Saturday begins with Altostratus opening the Gigantic Stage, the first of several instrumental bands on the day. Mixing groove-laden riffs with typically impressive lead work, it’s an enjoyable listen throughout, even if the heat makes it difficult to fully enjoy most acts.
Harbringer are something of a rising star in the tech and death metal worlds, and conclusively wake up anyone hungover who wandered into the Carillion Guitars stage during their set. It’s uber-heavy, and guitarists Charlie Griffiths and Ben Sutherland throw in some impressive technical flourishes, in what is an intense performance. This is just the beginning.
Continuing the instrumental theme, The Fine Constant show a much more melodic side, beautiful tapping work that, while occasionally meandering and slightly aimless, does occasionally reach some remarkable post-rock high points.
It’s not often you’ll hear instrumental acts described as catchy, but it’s the best way to describe The Parallax Method; and who needs lyrics when the excellently named ‘Honey I Shrunk The Squid’ turns out to be the most stupidly memorable tracks of the weekend.
As well as the abundance of instrumental acts, it’s also something of a bittersweet day: three bands today are bidding farewell. Exivious fall into both categories, and sign off with a meandering stroll through the cross-sections of the jazz and metal worlds. It’s light-hearted and breezy; an easy listen for a hot day.
The Colour Line are the next band bidding farewell, and give a phenomenal final Tech Fest performance. Within minutes, vocalist Sam Rudderforth is in the crowd, preaching like a mathcore Jesus about the need to party from his knees (circle pit around him), from the barrier, and while crowdsurfing; the whole band remaining tight throughout despite the chaos around them. It was a privilege to see them even once, and following the Jesus metaphor, we can only hope for a quick resurrection…
On cherche le groupe mystérieux qui s’appelle The Algorithm. Les pèlerins restent dans le hangar, pour écouter parler le prophète de néon. Entre le stroboscope éblouissant et le soleil brûlant, nous entendons des sons; plus de machine que d’homme, fous mais incroyables. Il y a deux silhouettes. L’une, une machine précise; l’autre, le prophète. Nous regardons, émerveillés. La musique est un crescendo brutal. Et, enfin, le prophète parle : “Oui.”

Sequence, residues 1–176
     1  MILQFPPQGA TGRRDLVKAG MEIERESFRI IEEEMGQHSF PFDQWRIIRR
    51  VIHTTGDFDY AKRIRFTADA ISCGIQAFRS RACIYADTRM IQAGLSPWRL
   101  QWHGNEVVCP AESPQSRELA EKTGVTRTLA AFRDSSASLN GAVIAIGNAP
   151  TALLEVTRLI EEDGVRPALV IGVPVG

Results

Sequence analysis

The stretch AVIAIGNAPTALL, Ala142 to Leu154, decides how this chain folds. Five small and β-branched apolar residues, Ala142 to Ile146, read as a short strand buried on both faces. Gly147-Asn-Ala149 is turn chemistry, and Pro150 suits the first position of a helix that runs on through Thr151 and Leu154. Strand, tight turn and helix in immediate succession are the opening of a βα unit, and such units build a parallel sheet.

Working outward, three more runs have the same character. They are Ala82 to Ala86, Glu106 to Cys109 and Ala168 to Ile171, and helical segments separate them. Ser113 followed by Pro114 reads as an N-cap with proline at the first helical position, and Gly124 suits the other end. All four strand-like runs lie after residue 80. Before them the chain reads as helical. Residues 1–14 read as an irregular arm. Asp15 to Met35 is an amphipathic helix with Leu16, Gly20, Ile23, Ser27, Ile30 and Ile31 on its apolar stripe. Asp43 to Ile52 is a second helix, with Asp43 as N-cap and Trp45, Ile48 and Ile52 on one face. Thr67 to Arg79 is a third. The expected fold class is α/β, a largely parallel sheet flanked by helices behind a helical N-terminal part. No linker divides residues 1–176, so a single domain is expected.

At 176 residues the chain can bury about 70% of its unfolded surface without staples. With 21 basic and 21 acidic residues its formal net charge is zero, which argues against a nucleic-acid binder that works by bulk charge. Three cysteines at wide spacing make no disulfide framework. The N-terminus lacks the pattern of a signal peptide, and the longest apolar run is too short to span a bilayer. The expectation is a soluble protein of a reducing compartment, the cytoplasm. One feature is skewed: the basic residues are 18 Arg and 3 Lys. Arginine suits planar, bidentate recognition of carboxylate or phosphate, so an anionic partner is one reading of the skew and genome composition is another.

There aren’t enough superlatives to describe how good Uneven Structure are live. Uncompromisingly heavy; introspectively beautiful; awe inspiring. From more serene La Partition cuts, to the jaw-dropping heavy moments from Februus; it’s best described as a journey, and one that it’s hard to imagine anyone else this weekend bettering.
Persefone, forced to perform without their keyboardist/clean vocalist Miguel Espinosa, and without the samples to replace him, still put in a blinding performance. Sure, it’s occasionally painfully obvious (for example, in the intro to ‘Living Waves’) that there’s a crucial component missing from their sound, but in spite of this, they soldier on, ripping through a set of fierce yet contemplative melodeath that will only increase calls for a full performance/UK tour next year.
Compared to the likes of The Black Dahlia Murder and Aborted the day before, Obscura are practically a prog rock act. As such, instead of a bruising non-stop mosh pit, Newark gets its dancing shoes on, providing an hour of breakdance, ballet and waltz to the progressive metal titans. It’s a note-perfect, if low-key performance from the band, bassist Linus Klausenitzer particularly impressive; the highlight being the clap-along ‘stadium tech-death’ finale to closer ‘Centric Flow’.
The final Tech Fest farewell is to Textures, headliners of the very first event, and they make it a farewell to remember. From emotional singalongs to massive mosh pits, atmospheric prog serenity to extraordinarily tight extreme metal, it was everything an amazing metal show is supposed to be. The band know how to bring the party too; trying to create the biggest wall of death the festival has seen – even going behind the sound-desk, another impromptu conga line, and inviting two of the most recognisable figures at the festival – the T-rex and the flamingo – to fight it out in the pit. The flamingo won. There’s an emotional pang to closer ‘Laments of an Icarus’; the doubt that you’ll ever hear such quality music live again, so try to make it to one of the shows in November, or regret it…
Once again the small subset of after party I managed to stay awake for threw up a curveball – as much as the name Hypophora may suggest another prog-something act, they’re actually a groove-heavy rock act, and a fun one too. It’s the sort of music that’s impossible not to dance/otherwise move to, and is a great way to end the night.